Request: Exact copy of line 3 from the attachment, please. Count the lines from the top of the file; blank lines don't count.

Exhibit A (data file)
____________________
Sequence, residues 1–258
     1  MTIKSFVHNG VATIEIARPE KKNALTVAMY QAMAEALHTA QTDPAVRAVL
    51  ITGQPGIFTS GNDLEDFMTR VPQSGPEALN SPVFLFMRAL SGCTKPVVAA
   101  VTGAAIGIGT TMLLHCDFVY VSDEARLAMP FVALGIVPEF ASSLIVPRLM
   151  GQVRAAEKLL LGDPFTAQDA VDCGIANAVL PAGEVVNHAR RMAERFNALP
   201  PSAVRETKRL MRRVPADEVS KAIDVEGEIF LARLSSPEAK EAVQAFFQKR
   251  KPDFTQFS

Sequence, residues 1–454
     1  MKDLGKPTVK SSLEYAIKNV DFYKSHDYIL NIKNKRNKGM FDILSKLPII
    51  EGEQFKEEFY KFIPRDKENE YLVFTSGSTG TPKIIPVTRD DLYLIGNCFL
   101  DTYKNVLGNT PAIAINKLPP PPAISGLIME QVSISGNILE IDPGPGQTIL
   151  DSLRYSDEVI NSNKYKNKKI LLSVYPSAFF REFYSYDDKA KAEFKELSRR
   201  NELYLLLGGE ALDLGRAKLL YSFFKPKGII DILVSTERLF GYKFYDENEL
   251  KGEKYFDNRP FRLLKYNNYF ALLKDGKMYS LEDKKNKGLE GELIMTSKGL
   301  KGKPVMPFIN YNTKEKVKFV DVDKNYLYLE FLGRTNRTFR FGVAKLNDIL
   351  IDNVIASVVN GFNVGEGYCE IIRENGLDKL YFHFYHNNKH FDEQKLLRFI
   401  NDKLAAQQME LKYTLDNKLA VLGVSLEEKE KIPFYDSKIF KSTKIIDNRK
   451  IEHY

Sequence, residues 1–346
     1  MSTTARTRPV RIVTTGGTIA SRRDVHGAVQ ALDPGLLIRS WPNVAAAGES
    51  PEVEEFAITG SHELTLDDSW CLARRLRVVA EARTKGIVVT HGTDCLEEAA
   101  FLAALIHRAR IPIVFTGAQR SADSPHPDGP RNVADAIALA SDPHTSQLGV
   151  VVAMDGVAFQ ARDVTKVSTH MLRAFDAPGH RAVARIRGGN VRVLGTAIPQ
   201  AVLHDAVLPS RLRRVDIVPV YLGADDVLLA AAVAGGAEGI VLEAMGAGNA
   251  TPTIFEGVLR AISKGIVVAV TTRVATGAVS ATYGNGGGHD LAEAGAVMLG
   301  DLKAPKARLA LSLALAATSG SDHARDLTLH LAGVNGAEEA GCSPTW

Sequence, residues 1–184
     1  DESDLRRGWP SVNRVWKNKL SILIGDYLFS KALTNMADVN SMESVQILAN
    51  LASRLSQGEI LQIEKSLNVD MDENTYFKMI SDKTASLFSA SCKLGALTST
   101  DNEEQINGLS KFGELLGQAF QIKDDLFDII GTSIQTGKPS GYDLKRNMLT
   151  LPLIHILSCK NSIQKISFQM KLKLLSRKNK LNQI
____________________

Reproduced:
    51  ITGQPGIFTS GNDLEDFMTR VPQSGPEALN SPVFLFMRAL SGCTKPVVAA